Classic cars converted to electric ‘are not historic’

Lunaz electrified classics

The international federation of historic vehicles says it is unable to promote or support the conversion of classic cars to electric power.

FIVA (the Federation Internationale des Vehicules Anciens) ‘understands the motivation of some owners to electrify their vehicles” and that ”all modifications are a matter of personal choice”.

It also acknowledges that electrification allows vehicles to meet modern environmental standards, with the additional benefit of increased power and performance.

However, in a rather damning statement, FIVA has slammed the electrification of historic vehicles, saying it ‘cannot promote, to owners or regulators, the use of modern EV components (motors and batteries) to replace historic vehicle’s powertrain’. 

An increasing number of classic cars are being converted to electric, including the Volkswagen Beetle, Jaguar E-Type Zero, Renault 4L Plein Air, Jaguar XK120, Aston Martin DB6 Volante Electric and Ferrari 308 GTE.

What is a historic vehicle?

Lunaz electrified classics

According to FIVA, a historic vehicle is ‘a mechanically propelled road vehicle’ that is:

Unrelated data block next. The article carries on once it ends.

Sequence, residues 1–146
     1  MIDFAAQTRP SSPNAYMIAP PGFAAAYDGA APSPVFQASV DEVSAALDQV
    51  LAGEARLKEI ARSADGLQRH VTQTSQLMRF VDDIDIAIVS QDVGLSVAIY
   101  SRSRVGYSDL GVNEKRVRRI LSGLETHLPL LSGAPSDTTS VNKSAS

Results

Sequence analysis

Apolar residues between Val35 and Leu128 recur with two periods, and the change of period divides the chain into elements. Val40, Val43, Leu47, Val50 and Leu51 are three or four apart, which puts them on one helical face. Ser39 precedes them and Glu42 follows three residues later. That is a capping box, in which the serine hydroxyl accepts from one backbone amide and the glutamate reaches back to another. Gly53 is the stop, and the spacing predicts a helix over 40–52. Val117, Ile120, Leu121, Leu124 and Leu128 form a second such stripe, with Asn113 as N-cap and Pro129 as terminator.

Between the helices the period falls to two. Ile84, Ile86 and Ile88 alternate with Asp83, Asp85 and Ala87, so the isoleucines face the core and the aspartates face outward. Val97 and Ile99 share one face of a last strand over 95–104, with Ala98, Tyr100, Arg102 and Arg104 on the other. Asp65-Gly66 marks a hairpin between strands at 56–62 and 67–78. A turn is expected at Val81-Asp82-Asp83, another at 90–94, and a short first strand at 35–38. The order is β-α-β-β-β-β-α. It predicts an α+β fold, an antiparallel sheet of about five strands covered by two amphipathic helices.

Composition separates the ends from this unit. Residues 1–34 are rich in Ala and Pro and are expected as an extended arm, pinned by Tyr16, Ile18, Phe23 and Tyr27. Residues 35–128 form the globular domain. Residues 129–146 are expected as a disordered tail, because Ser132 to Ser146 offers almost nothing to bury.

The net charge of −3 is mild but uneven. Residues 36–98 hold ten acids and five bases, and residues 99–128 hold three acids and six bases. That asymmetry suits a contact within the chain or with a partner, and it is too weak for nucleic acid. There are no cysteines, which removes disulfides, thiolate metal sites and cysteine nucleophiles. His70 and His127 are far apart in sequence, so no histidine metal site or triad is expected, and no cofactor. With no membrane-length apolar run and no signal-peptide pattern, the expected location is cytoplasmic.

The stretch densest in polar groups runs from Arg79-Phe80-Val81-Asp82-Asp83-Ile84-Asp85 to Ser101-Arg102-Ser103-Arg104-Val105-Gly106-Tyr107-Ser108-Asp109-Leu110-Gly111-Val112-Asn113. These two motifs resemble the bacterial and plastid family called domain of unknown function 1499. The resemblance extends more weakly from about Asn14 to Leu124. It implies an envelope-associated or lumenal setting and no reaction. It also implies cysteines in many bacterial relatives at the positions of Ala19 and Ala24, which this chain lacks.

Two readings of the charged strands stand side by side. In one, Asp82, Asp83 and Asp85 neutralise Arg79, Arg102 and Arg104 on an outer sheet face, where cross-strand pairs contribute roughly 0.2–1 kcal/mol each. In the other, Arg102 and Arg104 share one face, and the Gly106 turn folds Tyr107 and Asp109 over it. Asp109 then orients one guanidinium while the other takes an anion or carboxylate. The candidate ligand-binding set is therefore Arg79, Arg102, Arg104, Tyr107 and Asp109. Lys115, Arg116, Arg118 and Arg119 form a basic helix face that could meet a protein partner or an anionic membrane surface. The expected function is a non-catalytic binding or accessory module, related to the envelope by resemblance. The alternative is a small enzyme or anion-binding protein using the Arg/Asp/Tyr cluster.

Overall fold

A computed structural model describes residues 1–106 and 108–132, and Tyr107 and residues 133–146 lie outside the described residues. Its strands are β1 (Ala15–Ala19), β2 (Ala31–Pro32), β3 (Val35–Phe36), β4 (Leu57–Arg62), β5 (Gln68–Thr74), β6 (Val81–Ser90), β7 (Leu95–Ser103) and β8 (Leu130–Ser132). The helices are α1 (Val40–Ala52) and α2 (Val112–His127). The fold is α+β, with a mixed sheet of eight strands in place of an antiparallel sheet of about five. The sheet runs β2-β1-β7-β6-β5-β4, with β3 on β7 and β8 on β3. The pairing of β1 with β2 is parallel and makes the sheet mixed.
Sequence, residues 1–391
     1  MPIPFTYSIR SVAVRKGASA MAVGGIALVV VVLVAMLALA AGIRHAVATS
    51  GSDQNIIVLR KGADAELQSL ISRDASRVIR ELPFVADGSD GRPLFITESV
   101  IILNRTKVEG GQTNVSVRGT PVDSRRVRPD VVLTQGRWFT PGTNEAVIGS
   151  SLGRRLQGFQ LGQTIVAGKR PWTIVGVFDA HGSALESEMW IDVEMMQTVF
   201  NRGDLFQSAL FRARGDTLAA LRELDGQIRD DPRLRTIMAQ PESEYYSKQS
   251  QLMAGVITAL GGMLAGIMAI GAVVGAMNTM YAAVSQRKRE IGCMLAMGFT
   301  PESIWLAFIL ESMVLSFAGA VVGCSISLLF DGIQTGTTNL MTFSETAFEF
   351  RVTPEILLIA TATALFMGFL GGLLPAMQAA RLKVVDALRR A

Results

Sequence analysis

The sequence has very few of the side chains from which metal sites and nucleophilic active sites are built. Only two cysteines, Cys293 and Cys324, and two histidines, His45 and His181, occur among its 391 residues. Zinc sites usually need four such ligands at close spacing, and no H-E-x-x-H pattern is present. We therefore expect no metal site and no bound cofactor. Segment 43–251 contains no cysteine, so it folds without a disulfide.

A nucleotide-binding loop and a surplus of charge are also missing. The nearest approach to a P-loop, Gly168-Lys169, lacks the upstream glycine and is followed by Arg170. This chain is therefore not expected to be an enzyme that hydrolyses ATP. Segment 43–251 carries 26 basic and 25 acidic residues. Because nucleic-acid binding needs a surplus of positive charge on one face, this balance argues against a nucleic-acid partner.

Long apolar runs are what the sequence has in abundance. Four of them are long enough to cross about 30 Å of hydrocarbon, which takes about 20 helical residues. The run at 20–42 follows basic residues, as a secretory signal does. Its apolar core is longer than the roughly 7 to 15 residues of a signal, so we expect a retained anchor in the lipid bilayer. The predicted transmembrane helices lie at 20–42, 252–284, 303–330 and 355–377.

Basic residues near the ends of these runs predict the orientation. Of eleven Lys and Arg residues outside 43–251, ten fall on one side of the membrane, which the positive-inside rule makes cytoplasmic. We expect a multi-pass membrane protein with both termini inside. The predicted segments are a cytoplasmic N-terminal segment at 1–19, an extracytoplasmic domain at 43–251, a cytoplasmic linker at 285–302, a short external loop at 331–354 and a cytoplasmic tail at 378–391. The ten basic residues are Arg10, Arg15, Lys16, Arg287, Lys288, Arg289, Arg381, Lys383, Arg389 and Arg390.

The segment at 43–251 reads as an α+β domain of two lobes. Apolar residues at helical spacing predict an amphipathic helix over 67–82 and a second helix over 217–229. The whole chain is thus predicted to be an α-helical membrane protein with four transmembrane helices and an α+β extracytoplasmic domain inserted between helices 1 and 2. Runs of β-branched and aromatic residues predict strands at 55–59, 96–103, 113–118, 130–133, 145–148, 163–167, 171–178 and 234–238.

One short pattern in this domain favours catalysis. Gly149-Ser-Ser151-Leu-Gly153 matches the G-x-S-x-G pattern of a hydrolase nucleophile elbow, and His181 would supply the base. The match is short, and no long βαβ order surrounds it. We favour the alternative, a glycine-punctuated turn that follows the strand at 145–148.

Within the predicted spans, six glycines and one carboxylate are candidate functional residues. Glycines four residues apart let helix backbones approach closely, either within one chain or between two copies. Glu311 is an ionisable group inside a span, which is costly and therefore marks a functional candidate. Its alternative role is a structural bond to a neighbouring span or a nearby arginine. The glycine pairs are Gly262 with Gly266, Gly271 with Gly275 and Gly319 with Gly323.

• At least 30 years old.
  • Preserved and maintained in a historically correct condition.
  • Not used as a means of daily transport.
  • Part of our technical and culture heritage.

The final point is open to interpretation, but the reference to ‘historically correct’ leaves us in little doubt. An electrified classic cannot be classed as a historic vehicle.

Tiddo Bresters, FIVA’s vice president, legislation, said: “It is not, in our opinion, the shape or body style of a vehicle that makes it ‘historic’, but the way in which the entire vehicle has been constructed and manufactured in its original form.

“Hence if any owner, motor engineer or manufacturer chooses to make such conversions to a historic vehicle, FIVA would strongly recommend that any changes are reversible, with all the original components marked and safely stored.

“In this way, the vehicle may – if so desired in the future – be returned to its original state and may once again become a historic vehicle.”

FIVA’s stance is certain to spark a debate in the pubs of Great Britain and on classic car forums. Let us know your thoughts on the matter in the comments below.